Film Review: Cannes 2013: Paul Wright’s FOR THOSE IN PERIL

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There is something about waves on film that is a crashing bore.
When a movie opens with a shot of the tide coming in, my eyes start to close.
It is the sound that does it, powerful, rhythmic, but one of the few examples of natural audio that does not appear to be made for the purpose of communication; wind whistling through trees, or the thrust of a tornado are others.
To me it is soporific, like the ticking of an alarm clock that you cannot sleep without. To others, the sound of the sea’s movement invites interpretation, encouraging those enraptured by it, the natural conspiracy theorists, to create their own mythology.
Could there be a devil underneath the water that snatches people and takes them prisoner? Highly unlikely! Yet it is this fantasy that grips Aaron (George Mackay), the seventeen-year old protagonist of Paul Wright’s debut feature, FOR THOSE IN PERIL.
Aaron has lost his older brother, Michael in an accident at sea. He was with him at the time. The exact details aren’t described, but there are people in the small fishing village where Aaron lives who reckon that he should not have come back.
If you think that’s a bit harsh, well, it is. You see, Aaron is what we would uncharitably call a special needs kid. He lived in his brother’s shadow. When he was bothered by bullies, his brother sorted it out. Aaron didn’t cultivate his own interests, but lived instead with and through his brother. Only his brother got a girlfriend, Jane (Nichola Burley). Aaron always hung around them, surplus to requirements. He doesn’t love Jane; he just wants his brother. After all, the boys don’t have a father.
Some would say that to restore equilibrium, Jane should have gone from the picture. But life does not do equilibrium. It does the unexpected. It took Michael.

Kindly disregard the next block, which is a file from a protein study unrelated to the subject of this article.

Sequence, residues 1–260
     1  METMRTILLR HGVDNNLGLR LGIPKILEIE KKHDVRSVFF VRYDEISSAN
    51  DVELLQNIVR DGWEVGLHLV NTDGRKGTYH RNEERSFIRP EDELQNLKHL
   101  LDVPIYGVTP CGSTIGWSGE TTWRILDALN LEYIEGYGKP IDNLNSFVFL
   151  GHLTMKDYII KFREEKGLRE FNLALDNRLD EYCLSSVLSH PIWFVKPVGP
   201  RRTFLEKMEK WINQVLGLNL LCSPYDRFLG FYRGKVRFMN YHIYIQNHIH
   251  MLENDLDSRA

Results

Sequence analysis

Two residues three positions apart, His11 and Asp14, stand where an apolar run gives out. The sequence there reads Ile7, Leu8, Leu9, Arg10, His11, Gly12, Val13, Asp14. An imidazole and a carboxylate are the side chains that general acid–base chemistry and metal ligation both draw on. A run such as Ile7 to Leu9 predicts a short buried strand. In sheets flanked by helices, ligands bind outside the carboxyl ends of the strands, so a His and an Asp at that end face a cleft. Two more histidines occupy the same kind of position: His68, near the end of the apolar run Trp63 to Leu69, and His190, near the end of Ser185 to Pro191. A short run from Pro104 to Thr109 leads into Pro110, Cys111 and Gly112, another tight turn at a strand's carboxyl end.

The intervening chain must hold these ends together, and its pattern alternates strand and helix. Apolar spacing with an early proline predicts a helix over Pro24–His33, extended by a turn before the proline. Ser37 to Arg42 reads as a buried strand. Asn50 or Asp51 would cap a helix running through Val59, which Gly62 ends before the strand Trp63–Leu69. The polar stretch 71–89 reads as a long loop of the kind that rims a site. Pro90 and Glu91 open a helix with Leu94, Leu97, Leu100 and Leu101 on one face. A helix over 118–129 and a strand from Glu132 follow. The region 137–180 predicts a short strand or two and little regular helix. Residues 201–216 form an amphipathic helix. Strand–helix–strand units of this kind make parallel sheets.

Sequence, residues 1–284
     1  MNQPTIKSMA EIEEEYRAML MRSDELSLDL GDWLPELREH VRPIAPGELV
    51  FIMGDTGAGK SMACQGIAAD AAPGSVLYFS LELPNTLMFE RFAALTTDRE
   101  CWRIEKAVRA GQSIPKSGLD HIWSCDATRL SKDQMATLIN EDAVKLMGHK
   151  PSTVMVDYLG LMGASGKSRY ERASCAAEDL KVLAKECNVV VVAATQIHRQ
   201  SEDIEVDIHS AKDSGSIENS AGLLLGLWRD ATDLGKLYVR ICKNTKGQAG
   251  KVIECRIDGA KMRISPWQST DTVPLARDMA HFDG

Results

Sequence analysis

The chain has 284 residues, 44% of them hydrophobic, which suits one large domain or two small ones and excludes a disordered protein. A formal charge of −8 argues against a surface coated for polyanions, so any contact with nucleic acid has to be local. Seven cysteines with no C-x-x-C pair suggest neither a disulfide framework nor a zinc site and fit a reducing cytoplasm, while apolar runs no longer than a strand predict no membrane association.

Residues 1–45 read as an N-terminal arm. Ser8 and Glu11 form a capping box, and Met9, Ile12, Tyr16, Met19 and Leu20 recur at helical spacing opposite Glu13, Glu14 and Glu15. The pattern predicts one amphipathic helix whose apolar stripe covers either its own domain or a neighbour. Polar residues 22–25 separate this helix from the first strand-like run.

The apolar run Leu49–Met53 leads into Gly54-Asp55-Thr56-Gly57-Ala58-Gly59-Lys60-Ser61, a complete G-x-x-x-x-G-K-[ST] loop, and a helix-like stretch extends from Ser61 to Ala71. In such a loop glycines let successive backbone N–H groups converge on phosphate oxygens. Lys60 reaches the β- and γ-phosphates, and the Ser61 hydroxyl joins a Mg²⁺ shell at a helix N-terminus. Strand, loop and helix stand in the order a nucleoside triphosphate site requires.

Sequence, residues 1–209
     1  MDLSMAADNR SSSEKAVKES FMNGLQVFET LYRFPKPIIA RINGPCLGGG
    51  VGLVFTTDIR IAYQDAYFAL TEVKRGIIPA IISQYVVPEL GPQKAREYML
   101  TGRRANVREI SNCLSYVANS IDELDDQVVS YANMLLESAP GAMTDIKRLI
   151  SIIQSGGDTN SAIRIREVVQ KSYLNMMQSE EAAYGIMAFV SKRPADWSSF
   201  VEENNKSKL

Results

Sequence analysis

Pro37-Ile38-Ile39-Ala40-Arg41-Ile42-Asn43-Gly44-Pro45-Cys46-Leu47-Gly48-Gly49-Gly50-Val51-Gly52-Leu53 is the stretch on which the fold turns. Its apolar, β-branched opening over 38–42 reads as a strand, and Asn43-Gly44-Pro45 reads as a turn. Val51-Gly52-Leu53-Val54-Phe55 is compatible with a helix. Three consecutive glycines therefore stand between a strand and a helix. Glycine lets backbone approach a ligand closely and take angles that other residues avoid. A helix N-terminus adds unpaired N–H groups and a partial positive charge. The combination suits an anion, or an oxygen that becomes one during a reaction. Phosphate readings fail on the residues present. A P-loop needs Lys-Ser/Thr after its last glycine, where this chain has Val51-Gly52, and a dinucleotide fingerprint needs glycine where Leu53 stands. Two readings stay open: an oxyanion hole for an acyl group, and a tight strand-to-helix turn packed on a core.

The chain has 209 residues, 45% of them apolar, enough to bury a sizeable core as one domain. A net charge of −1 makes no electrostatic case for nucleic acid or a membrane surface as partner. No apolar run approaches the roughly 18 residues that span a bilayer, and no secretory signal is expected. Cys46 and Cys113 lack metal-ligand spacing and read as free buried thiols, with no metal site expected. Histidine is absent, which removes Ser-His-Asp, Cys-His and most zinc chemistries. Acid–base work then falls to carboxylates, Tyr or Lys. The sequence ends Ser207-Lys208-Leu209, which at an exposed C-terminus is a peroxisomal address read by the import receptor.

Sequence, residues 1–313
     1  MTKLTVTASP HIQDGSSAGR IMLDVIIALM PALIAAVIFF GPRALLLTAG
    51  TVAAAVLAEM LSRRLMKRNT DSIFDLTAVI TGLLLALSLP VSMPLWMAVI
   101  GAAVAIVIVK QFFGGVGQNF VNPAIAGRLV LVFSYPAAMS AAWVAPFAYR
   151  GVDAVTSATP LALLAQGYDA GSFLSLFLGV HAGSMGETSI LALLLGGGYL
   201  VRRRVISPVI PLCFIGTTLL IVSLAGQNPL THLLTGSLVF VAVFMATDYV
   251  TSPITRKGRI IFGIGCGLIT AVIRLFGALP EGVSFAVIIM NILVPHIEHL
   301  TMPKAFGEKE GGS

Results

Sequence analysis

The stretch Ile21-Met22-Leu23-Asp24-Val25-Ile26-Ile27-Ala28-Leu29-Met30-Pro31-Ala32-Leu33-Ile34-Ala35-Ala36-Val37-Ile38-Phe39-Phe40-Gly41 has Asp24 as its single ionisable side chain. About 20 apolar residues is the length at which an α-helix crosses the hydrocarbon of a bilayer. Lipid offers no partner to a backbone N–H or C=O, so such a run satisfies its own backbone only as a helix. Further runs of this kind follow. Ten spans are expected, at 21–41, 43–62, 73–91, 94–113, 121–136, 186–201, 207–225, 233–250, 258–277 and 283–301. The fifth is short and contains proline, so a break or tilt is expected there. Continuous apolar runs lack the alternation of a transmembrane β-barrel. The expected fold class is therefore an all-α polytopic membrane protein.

Aaron wants him back. He’s convinced that Michael is trapped at the bottom of the sea. The body hasn’t been recovered. His fate is unresolved.
Small fishing villages don’t do grief counselling. In fact, the film is notable for the absence of consoling authority figures, those who have transcended life’s cruel twists, who can put themselves in the head space of the aggrieved and pull them back to their feet.
Aaron finds some solace talking to Jane. He tells her that he can bring him back. But Jane is grieving too. In the film’s most wrenching scene, she asks Aaron if she is beautiful and whether she loves, to be a substitute. Here are two people utterly wrong for each other, neither able to give what the other wants.
From an extremely unpromising opening, which mixes black and white with colour – the film features footage of the two brothers playing as kids, as if photographed on Super 8, and slightly more plausible mobile phone camera footage, where playing to the lens is built into the aesthetic – it gradually assumes Aaron’s twisted subjectivity. We watch in horror as he play fights with a younger boy and almost strangles him – he is not used to being the stronger of the two in a wrestling match. We see him make his raft and go after the sea monster. We regard his taking of another boy as a potential sacrifice to the beast – give a life, get a life. Fortunately, his victim gets away and Aaron is an extraordinary image but one that emphasises his feral nature, ends up in a fishing net.
Finally, he attempts to turn himself into a Merman. He cuts one side of his neck with a knife, then the other, crudely trying to create gills.
In another place he would have been sectioned for his potential to cause harm. In this movie, he volunteers to go for treatment, but doesn’t get there.
Then there’s the ending. To say it is bold and non-naturalistic is an understatement. It is not what you expect.
What I took most from the film was a moral about storytelling. You don’t tell your kids a legend about a sea monster and not know what it means. Myths are supposed to teach morality, to make you afraid and keep your safe, or at least obey society’s rules. The invented legend that is part Pied Piper part Loch Ness monster does not serve any obvious purpose. It does not make reality easier to understand as proper myths do; it is a mash-up.
That said, after a truly yawn inducing opening in which I feared the worst, the drama took hold. I wanted to know where Aaron’s madness would take him. Wright’s film is built on rocky foundations, though the grief, helplessness and determination of the central character pull you through. The performances are naturalistic, the final scene enigmatic. It makes a change for mimetic documentary style story-telling – at one point it suggests THE WICKER MAN – but it does not go the full MADAGASCAR SKIN. Does anyone remember Chris Newby?

About the author


Independent film critic who just wants to witter on about movies every so often. Very old (by Hollywood standards).

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